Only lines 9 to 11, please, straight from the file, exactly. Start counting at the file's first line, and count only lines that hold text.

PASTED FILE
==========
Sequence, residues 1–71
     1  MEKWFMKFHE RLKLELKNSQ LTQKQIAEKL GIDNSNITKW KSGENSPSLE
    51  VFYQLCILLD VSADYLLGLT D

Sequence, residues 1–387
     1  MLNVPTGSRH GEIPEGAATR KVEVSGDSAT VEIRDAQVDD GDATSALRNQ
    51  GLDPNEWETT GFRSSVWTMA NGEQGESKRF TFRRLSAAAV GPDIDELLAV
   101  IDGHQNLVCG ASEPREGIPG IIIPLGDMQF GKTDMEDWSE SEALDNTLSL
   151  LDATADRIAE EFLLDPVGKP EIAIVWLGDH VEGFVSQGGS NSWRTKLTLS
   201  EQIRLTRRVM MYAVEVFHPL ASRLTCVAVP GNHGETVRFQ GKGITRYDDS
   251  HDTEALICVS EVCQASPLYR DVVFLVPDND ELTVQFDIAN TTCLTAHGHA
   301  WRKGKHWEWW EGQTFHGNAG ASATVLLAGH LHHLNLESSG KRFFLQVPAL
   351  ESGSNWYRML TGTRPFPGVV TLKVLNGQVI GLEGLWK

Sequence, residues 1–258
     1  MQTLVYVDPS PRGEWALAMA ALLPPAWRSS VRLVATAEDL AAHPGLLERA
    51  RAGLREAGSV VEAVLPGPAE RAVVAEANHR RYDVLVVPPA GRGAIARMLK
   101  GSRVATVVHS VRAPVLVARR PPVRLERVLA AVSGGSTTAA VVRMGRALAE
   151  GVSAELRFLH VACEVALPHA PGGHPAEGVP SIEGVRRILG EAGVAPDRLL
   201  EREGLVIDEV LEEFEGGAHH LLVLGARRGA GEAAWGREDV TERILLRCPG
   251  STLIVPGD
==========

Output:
   201  EQIRLTRRVM MYAVEVFHPL ASRLTCVAVP GNHGETVRFQ GKGITRYDDS
   251  HDTEALICVS EVCQASPLYR DVVFLVPDND ELTVQFDIAN TTCLTAHGHA
   301  WRKGKHWEWW EGQTFHGNAG ASATVLLAGH LHHLNLESSG KRFFLQVPAL